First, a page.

From Bournemouth we were sent to train on Catalina flying boats in Lough Erne in N.Ireland . After training we were sent by ship to New York and train to Montreal where new Catalinas were waiting to be flown to the U.K. This trip was long but uneventful back to Lough Erne. Our crew was directed to fly this aircraft to Beaumairas in Northern Wales, leave it there and train to Pembroke Dock, S.Wales. where the squadron was to be equipped with Short Sunderland flying boats and operate out of there. I was dispatched on temporary duty with a Catalina to operate out of Gibraltar to cover the departure of the French Fleet if they left harbour. They didn't and the Germans took control. Later we were sent out into the Atlantic to cover the American landing in North Africa where the American merchant ship shot down one of our aircraft by mistake. After returning to our Squadron in Wales I was ordered to a O.T.U in Scotland to train new crews on Catalinas. I asked the commander if he could transfer me to a squadron somewhere and he advised that pilot had been killed practicing night landings and they needed a pilot for this crew in Lough Erne Ireland I accepted this offer, finished their training and left for 265 Squadron based in Madagascar off East Africa operating through Indian ocean and over most of Africa. After about 2 years I was flown back to the U.K and finally by ship to Canada where I was discharged.
After the war I joined Air Canada where I was based in Toronto and flew for 1946 to 1984 then retired. After retirement I became an investment broker and trust company executive and retired again and live in Florida.
George Morrish, last I heard was living in Penticton, British Columbia as a government employee. I never had contact with Eric Lodge after we were separated to different squadrons.
The aftermath of this particular incident in Belmullet provides
a little humour in an otherwise dark subject. Hudson FH263 was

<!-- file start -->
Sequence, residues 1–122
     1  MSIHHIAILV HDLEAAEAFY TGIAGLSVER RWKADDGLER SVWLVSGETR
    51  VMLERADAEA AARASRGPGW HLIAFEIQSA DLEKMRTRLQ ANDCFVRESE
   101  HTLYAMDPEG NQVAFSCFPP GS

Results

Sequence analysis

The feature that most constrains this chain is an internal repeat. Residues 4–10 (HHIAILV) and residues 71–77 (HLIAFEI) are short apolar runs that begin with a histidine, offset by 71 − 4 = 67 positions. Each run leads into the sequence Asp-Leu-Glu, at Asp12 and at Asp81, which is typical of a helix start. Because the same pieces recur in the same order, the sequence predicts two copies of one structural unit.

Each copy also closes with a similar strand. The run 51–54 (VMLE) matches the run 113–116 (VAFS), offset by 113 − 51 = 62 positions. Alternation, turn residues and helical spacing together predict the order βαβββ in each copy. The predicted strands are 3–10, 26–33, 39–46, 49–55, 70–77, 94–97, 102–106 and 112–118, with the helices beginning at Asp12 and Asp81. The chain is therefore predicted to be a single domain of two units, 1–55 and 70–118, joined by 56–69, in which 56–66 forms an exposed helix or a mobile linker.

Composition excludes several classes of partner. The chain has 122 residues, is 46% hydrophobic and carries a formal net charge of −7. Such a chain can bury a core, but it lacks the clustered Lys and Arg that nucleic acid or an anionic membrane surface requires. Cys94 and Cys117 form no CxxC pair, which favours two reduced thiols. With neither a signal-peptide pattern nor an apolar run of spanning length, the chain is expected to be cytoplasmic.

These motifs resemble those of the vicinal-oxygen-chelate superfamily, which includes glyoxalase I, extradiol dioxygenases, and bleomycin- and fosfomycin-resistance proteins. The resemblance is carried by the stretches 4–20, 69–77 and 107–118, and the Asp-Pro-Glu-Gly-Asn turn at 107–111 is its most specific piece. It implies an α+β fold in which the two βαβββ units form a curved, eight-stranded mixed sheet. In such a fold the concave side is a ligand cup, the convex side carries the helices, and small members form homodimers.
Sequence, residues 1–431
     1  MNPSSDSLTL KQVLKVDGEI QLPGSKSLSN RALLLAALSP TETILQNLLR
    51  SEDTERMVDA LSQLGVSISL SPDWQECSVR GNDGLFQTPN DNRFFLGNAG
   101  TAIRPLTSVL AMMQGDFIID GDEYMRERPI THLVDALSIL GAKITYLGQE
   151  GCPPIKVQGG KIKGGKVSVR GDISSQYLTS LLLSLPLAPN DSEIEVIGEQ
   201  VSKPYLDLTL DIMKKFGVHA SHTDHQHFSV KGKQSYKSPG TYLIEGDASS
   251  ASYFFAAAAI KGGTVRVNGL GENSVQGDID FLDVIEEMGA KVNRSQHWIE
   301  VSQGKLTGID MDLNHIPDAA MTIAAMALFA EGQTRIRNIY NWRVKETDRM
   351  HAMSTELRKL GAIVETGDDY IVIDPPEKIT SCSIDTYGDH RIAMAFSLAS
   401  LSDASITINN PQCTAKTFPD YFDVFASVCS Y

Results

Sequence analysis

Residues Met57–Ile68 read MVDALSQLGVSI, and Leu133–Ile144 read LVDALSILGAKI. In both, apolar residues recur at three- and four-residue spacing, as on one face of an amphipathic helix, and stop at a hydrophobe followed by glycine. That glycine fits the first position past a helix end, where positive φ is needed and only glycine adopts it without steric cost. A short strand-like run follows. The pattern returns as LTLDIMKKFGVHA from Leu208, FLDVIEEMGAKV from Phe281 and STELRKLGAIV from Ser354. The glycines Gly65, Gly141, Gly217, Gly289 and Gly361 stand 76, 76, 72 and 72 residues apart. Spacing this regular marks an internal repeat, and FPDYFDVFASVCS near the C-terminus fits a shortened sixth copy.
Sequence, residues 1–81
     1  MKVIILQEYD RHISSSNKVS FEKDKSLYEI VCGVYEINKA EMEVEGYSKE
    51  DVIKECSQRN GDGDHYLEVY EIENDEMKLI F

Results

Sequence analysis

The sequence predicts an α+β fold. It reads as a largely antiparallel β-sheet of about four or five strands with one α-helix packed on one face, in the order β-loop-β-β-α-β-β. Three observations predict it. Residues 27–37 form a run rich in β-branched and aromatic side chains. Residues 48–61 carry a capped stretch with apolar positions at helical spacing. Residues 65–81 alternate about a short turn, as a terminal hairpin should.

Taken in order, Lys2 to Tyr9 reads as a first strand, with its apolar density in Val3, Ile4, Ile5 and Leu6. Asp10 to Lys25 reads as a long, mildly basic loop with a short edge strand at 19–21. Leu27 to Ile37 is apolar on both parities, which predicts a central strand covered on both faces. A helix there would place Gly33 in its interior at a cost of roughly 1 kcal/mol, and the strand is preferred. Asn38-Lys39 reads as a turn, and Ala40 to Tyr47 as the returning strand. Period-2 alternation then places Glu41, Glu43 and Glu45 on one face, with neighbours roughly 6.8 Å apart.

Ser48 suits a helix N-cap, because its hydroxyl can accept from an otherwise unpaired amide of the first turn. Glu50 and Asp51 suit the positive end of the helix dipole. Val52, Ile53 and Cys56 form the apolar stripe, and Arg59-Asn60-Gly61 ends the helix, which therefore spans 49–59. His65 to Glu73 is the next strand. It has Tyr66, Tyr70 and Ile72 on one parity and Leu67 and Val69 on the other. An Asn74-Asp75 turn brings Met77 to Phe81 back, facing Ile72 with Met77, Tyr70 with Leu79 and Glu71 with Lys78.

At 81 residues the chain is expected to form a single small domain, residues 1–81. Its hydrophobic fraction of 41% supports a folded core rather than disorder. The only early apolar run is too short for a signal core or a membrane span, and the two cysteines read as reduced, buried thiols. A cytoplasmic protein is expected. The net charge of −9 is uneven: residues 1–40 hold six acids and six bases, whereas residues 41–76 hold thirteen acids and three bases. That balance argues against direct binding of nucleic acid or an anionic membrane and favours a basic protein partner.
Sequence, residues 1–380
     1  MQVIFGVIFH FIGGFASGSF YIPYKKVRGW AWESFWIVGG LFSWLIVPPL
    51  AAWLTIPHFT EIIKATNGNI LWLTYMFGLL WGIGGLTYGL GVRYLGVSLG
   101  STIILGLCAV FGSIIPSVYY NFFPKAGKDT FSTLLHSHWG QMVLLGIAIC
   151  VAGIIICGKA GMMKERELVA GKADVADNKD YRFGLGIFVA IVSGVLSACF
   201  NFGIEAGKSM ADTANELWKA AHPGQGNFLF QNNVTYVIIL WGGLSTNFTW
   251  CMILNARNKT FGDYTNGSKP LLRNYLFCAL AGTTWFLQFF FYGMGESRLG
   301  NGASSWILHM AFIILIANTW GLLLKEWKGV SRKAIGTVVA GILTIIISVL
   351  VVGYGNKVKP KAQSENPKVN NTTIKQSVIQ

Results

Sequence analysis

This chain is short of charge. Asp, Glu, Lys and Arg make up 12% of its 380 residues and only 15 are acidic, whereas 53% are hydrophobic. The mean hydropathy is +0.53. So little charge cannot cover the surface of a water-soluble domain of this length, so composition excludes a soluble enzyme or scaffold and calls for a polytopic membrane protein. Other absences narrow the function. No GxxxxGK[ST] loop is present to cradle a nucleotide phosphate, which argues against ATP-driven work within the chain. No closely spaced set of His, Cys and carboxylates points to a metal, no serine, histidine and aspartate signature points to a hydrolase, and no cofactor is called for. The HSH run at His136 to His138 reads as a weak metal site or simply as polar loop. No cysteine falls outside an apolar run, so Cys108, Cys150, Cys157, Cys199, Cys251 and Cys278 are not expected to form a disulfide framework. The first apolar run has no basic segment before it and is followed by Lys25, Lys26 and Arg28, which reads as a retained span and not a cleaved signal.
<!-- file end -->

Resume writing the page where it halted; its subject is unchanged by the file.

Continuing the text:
unable to make its way out of Ireland under its own power and
the Irish Air Corps did not undertake the salvage of the wreck.
To the rescue came an RAF party from Northern Ireland under a
Fl/Lt Forde and a Sqn/Ldr Kemp from RAF Sydenham. Some of
this party consisted of No. 1 Salvage Team from 11 Repair and
Salvage Unit (RSU) based at Mallusk. The units Operations
Record Book recorded the dispatch of the team on April 19 and
its return from Eire on 2 May. It is thought that the
Fl/Lt Forde was one Fl/Lt Phineas William FORD 77221 and the
surname spelling of Forde is that used by the Irish Military in
The story of the salvage operation of FH263 is told in a wonderful fashion by an Irish Army Officer who accompanied the RAF party over the six days from April 25th to 30th. The officers dislike for the actions of the RAF officers is very apparent in reading report. To sumarise his multipage report, F/Lt Forde arrived on the 24th April with the main party, S/Ldr Kemp later arrived along with F/Lt Forde's wife. ON the Sunday, 26th of April they attended mass except S/ldr Kemp who "not to enthuiastic about religion in any form". On the monday the convoy left Elly Bay and stopped for the night at Beltra in Sligo. The unwieldy vehicles made transporting the disasembled parts of FH263 extremely difficult. The convoy stayed the night at Hazelwood House in Dromohair, Sligo. Procedings were held up on the morning of the 29th when F/Lt Forde and his wife "indulged in an orgy of shopping" thus delaying departure of the convoy. The vehicles finally reached the border at Garrison at 17:10 on the 30th of April.